However, Kuechly gets the edge over them all for several reasons. Among them is the fact that he is the team’s leading tackler despite missing three games to injury, and he is currently coming off of one of his best games of the year at Dallas in which he registered seven tackles and intercepted two passes on back to back plays (the first one was taken back for a touchdown).
Astounding still is the fact that the former Defensive Rookie of the Year is currently on pace to be the highest rated linebacker ever by Pro Football Focus. He is the leader of a loaded defense and has the Panthers on a track for Super Bowl 50 should he keep up this level of play.
Offensive Player of the Year: Julio Jones (Falcons)
There have been few wide receivers in football that are flat out unguardable. Julio Jones just might be one of those that is.
In a year that’s shown inconsistency from the Atlanta Falcons, Jones has consistently put together outstanding games. Jones has gone over 100 yards receiving in six out of 10 games this season, and he is the NFL’s leading receiver with 1,189 yards on 89 catches and accounts for a big chunk of the Falcons’ offense.
Julio is clearly the Falcons’ best option and everyone that plays against them knows it; to give an idea of how vital he is, the Falcons’ next leading receiver is running back Devonta Freeman, with 48 catches and 420 yards receiving. Despite that, Jones continues to get open. For that reason he should come away with Offensive Player of the Year.
Coach of the Year: Ron Rivera (Panthers)
Now many will argue that maybe the Patriots Bill Belichick should be this season’s Coach of the Year, but with all due respect to him, the Patriots are good every year. The Panthers are currently 12-0, which is the best start in the franchise’s history, and that is due to a wonderful coaching job by the head man, Ron Rivera.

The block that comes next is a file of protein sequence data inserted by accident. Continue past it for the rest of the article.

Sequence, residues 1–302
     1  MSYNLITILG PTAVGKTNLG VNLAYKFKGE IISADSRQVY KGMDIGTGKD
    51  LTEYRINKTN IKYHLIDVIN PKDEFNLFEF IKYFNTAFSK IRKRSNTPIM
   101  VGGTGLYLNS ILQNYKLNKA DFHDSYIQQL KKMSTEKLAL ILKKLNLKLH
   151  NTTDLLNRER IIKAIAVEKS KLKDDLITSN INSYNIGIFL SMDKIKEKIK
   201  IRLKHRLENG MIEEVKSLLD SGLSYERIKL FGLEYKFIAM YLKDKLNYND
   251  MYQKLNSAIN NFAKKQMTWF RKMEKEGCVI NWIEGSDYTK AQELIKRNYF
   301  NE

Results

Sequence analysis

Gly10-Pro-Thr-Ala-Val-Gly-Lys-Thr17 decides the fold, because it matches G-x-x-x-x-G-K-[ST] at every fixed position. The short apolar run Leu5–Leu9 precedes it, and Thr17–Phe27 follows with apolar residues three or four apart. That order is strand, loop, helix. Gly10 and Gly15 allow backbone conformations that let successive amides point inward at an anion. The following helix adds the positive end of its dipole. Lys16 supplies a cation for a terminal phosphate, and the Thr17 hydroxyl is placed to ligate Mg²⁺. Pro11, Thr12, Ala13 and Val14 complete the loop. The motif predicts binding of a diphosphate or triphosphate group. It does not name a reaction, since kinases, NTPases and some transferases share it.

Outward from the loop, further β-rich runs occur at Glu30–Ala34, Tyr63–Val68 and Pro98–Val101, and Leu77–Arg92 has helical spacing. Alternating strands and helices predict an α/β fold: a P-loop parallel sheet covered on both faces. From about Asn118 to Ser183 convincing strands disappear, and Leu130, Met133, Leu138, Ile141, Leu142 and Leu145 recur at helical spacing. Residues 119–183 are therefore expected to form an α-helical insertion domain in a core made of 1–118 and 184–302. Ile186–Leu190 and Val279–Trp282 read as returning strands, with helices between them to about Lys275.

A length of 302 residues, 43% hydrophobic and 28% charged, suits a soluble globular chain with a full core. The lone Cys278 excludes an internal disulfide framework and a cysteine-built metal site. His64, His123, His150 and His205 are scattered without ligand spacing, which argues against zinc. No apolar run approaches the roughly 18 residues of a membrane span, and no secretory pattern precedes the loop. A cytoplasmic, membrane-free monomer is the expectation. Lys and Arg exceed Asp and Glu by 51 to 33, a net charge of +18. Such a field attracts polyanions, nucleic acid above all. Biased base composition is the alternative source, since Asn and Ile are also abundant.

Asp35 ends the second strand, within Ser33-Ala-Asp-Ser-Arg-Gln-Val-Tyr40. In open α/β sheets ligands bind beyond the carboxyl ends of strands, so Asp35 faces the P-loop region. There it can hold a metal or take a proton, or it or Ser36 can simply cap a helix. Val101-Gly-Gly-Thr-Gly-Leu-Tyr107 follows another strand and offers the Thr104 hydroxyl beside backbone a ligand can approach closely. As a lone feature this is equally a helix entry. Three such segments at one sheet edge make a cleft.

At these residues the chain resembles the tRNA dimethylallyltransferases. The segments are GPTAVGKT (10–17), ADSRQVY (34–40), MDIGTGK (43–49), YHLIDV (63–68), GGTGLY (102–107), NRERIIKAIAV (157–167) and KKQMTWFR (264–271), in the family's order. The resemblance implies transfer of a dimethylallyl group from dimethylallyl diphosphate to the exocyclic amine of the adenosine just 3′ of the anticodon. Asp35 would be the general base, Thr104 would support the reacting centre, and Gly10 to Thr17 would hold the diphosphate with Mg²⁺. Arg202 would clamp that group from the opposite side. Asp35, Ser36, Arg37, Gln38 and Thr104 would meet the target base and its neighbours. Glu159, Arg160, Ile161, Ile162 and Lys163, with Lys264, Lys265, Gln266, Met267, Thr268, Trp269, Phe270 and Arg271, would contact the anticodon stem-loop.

He has built a team in the spitting image of himself: Tough and physical defensively and offensively. In an era where offenses spread you out and throw the ball all over the gridiron, Carolina’s stuck with their identity and insited on running the rock down teams’ throats, and in a year where there as limited as any team in football at the receiver position it has certainly worked in their favor.
If the Panthers are able to get to the Super Bowl, this could go down as one of the NFL’s most brilliant coaching jobs ever.
Most Valuable Player: Tom Brady (Patriots)
The MVP of the league is the guy who’s team simply CANNOT live without him and who’s sole presence elevates the play of the other guys. While Cam Newton is playing really good football, there’ve been a couple of games this season that the Carolina defense has carried that team to victory (most notably on Thanksgiving Day). Tom Brady has been the man in New England.
While this is nothing new, this year carries a lot of weight. We all know the mess of an offseason that Tom Brady went through with the entire “Deflategate” saga. Since winning his appeal of a four-game suspension for his role in the scandal, Brady has played inspired football and has looked like a man possessed. He leads the league in almost every passing category you could think of with 3,320 yards, 25 touchdowns and just four interceptions (He also has a 107.4 quarterback rating).
Brady has the Patriots on the verge of going 16-0 for the second time in his career, but this time around may be the finest job he’s done when you take into consideration the growing list of injuries that have plagued this football team, particularly on offense where Brady has lost both his top wideouts Danny Amendola and Julian Edelman, a number of offensive lineman and one of his talented tailbacks Dion Lewis. As much as that is a testament to the coaching job of Bill Belichick, there are few other teams that could stay afloat with that magnitude of talent missing. We will see if Brady can become a part of history and lead the Pats to a perfect record again, but even if he doesn’t his play this season has definitely earned him potential MVP honors.
NFL/NCAAF Analyst, Spark Sports